Uganda has improved its ranking by slight margin to 115th place from 113th in the 2017 World Bank Ease of Doing Business report that was released on Tuesday.
This places Uganda in 12th place within the Sub Saharan Africa region out of 48 other economies.
World Bank conducted the study on 190 countries world over with assessment on 11 areas considered critical for small and medium size enterprises. The 11 indicators include; getting credit, viagra 60mg http://comfortzonetoronto.com/wp-includes/canonical.php starting a business, buy labor market regulations, side effects registering property, getting electricity and dealings with construction permits.
Other indicators were enforcing contracts, getting electricity, protecting minority investors and resolving insolvency.
Uganda’s gains in performance were due to 3 reforms; the online submission of tax returns, elimination of a requirement that a commissioner of oaths must sign compliance declarations and the enforcement of a one stop border post at Malaba.
The country’s areas with least reforms were protection of minority investors, getting credit and resolving insolvency.
On a regional level, Uganda emerged third behind Rwanda which ranked 56th and Kenya which ranked 92nd globally. Mauritius was ranked the best country to do business in Africa followed by Rwanda, Botwsana, South Africa and Kenya.
According to the report, Uganda’s DTF (distance to frontier) is 57.7 points, the frontier being 100 points compared to 56 and 51.8 points in 2016 and 2015 respectively.
The DTF for regional counterparts Rwanda, Kenya and Tanzania are 69.81, 61.22 and 54.48 respectively.
Reaction from stakeholders
Peter Ngategyize the National Coordinator for Competitiveness and Investment Climate Strategy (CICS) while commenting on the Report findings on Wednesday said Uganda’s performance was ‘impressive’ but added; “Significant reforms are required and we need to leverage on online processes to achieve this.”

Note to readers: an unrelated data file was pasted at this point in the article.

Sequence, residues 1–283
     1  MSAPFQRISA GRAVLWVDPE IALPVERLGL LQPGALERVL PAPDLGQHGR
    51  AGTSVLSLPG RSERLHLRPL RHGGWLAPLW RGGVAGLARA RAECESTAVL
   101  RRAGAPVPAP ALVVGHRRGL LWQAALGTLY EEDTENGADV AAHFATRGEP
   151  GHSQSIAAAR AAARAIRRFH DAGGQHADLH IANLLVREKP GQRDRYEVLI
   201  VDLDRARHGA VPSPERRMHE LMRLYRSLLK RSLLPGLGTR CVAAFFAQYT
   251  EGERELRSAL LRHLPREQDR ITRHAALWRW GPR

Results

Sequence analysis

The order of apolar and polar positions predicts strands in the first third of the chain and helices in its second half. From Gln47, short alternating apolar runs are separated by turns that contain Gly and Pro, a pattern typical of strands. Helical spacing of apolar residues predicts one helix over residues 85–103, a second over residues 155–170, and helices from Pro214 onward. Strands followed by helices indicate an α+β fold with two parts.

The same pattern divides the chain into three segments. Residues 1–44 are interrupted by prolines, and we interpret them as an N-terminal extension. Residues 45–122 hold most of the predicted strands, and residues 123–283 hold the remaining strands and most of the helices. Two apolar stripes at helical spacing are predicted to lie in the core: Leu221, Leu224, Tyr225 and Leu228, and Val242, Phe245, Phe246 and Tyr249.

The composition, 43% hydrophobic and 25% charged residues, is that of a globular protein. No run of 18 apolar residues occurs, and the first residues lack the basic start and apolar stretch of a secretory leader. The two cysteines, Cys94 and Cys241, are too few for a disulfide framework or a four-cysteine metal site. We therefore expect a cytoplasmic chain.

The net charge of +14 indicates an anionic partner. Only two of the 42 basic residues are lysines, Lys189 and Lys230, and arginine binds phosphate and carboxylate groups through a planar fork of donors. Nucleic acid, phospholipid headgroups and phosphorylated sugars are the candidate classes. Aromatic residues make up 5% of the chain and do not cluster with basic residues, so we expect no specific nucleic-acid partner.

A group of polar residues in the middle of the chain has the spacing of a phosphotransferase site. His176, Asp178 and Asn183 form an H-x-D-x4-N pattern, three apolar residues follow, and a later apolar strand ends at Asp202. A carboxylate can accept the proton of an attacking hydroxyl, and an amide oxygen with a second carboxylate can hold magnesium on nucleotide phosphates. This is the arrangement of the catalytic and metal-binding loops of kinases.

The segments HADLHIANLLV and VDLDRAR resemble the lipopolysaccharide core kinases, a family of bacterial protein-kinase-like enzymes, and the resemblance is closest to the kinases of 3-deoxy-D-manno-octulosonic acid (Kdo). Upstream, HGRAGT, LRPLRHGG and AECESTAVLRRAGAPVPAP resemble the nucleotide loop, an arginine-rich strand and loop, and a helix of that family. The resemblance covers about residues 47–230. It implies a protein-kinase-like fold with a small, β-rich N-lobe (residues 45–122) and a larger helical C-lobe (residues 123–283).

“Land administration system is one area that should be focused on. Most banks prefer land titles as collateral for loans. We don’t want people failing to access credit due to their land ownership being questioned,” he said.
While government says that the process of registering businesses has been eased through numerous initiatives notable among them the One Stop Center, Moses Kibirige who is in charge of Trade and Competitiveness at World Bank Uganda said processes should be further reduced to a day.
“Uganda’s problem isn’t funding but poor coordination between the different agencies and long processes that aren’t necessary. Obtaining a TIN number still takes 7 days, getting stamp duty from UIA is 3days. These added to other registration requirements together consume over 20 days which should be reduced to one day,” he said.
Private Sector Foundation Uganda Executive Director Gideon Badagawa wants communication between agencies and the private sector on new interventions improved.
“Our people must know what achievements have been registered. After all, while carrying out such studies, World Bank doesn’t consult URA and other agencies. It asks the private sector.”
He however cited poor planning in procurement as a major hindrance to progress.
What is being done?
Uganda Revenue Authority has rolled out several mobile platforms in a bid to ease tax payment by the informal sector. Dickson Kateshumba the Commissioner Customs said that the introduction of the Electronic Cargo Tracking, scrapping costs on certificates of origin and the Single Customs Territory have improved cross border trade.
“Next week, we shall launch the National Electronic Single Window to bring all customs services in one place.”
The Uganda Registration Services Bureau (URSB) has also moved to digitalizing its payments and process reducing the paperwork which was previously predominant. A reservation for a company/business name can now be done within an hour compared to 2 days in 2012.